Becoming ethical subjects : an ethography of do-it-yourself music practices in Glasgow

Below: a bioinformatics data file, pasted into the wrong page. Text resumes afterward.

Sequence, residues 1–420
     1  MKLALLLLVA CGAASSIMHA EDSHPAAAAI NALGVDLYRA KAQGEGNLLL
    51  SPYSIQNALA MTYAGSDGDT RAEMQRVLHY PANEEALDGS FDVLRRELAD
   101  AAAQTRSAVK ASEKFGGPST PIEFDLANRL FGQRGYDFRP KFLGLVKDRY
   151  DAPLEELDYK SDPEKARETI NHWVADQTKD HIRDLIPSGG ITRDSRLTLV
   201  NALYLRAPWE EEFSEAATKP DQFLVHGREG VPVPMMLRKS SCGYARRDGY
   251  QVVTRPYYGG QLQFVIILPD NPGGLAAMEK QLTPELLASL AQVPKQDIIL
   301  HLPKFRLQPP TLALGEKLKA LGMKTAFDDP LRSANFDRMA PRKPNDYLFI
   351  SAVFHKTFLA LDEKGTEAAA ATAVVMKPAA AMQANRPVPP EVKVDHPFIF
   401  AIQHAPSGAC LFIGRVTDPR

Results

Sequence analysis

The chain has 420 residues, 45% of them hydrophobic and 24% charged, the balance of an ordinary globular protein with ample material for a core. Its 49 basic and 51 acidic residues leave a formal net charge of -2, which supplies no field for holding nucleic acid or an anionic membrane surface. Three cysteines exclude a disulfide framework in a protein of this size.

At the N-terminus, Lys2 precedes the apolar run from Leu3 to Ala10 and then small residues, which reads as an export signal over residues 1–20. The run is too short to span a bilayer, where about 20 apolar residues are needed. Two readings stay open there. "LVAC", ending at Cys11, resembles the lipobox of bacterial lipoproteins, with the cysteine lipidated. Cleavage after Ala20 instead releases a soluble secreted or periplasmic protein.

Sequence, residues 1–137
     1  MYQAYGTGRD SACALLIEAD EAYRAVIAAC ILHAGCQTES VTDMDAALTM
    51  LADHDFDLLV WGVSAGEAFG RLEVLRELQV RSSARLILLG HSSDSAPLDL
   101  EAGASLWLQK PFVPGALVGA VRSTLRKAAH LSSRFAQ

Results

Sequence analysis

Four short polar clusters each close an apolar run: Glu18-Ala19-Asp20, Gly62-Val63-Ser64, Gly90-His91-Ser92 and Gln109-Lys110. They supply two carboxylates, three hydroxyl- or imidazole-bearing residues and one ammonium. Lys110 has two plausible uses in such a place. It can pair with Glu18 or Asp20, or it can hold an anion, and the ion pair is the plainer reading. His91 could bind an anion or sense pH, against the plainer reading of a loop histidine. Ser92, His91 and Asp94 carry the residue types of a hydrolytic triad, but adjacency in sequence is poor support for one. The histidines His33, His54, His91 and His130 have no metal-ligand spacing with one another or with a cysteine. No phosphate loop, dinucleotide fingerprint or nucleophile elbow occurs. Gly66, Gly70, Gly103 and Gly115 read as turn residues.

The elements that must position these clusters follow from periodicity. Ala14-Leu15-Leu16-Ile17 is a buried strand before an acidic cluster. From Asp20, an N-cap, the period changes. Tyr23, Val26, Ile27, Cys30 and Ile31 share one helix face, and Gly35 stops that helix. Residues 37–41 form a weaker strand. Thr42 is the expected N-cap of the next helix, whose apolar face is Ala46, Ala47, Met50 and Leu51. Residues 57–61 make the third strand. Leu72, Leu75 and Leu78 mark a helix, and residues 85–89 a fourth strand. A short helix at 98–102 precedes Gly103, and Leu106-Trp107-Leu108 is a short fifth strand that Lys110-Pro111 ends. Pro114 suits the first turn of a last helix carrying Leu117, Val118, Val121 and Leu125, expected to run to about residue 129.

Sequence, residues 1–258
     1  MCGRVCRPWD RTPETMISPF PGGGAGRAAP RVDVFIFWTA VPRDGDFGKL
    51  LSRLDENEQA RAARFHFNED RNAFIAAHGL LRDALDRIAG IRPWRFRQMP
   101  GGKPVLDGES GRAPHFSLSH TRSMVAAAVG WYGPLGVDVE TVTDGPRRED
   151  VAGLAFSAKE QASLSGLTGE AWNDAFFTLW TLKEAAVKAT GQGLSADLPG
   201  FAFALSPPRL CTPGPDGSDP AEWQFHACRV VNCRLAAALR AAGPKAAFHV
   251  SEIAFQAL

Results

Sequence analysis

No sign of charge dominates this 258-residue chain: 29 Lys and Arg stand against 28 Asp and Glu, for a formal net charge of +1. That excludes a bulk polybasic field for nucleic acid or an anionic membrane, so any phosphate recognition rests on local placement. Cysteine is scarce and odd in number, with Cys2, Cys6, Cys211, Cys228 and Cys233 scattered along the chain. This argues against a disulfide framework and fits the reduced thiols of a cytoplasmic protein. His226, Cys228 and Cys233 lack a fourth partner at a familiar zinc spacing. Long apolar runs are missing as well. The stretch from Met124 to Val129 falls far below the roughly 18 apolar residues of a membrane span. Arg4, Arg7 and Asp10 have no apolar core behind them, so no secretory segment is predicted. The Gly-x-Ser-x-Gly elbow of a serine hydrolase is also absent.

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This thesis focuses upon ‘Do-it-Yourself’ (DiY) music practices in Glasgow, a Scottish city with an established reputation for sustaining a prolific grassroots music scene. With special reference to three local music actors – a band, a music collective and a live music promoter – it explores ethnographically the pluralistic nature of music-making and its relation to ethics. Rather than perceiving activities under the DiY rubric as peripheral and haphazard, I argue that they play an intrinsic role in ethical selfformation and that they are striking in their capacity to order the lives of urban individuals. Therefore, I attend to music practice as an ethical practice by underscoring the interrelationship between music and the city as a distinctive form of ethical urban life. In drawing upon the emergent anthropology of ethics and echoing the work of authors such as Michel Foucault and Henri Lefebvre, I conceive of music-making as a process of intersubjective ethical cultivation, as a way of exercising freedom, and the means by which my informants perpetually sought to exert their right to inhabit the locality. In treating the local as a series of repetitive but ever evolving and intersecting pathways as opposed to a given and fixed geographical entity, I attempt to render the city an inherent ethical modality of social life and, conversely, to scrutinize music practice as a process that localizes subjects. Thus, my ethnographic examination of the ways in which urban space impinges upon music practice and, in turn, is musically constructed and experienced, offers a lens into the ethical resonance of music as a processual nexus for the making of ethical selves and cities. My informants’ desire to inhabit the locality on their own terms was predicated upon the active appropriation and enactment of spaces and norms, rather than oscillating between passivity or subordination and resistance. This highlights the needs to problematize the pervasive notion of ‘agency’ that underpins social-scientific accounts of human freedom and to question the rigidity of the dichotomy between structure and agency. An emphasis on ethical judgement and the pedagogical role of music activity in conferring a DiY êthos and in making oneself a certain kind of person also requires the consideration of the embodied dispositions pertinent to and cultivated through variegated music practices, and how the acquisition of relevant musical skills simultaneously engenders particular ethical potentialities. This construes ethics as Aristotelian poiêsis and an ineluctably skilled practice and further alludes to the intimate relationship between music and the body. In resorting to the body’s capacity to affect and be affected by music and other bodies, my analysis aims to account for the conditioning of sensuous articulations and corporeal registers by sonic vocabularies, and the process of interpenetration between the musical and the visceral that elicits specific ethical propensities. This interface between sound and the affective body, I argue, provides a uniquely ‘musical’ way of thinking about ethics as a relational phenomenon, and also helps to restore a notion of politics on the basis of intersubjective ethical transformation rather than conventional political efficacy in the public realm.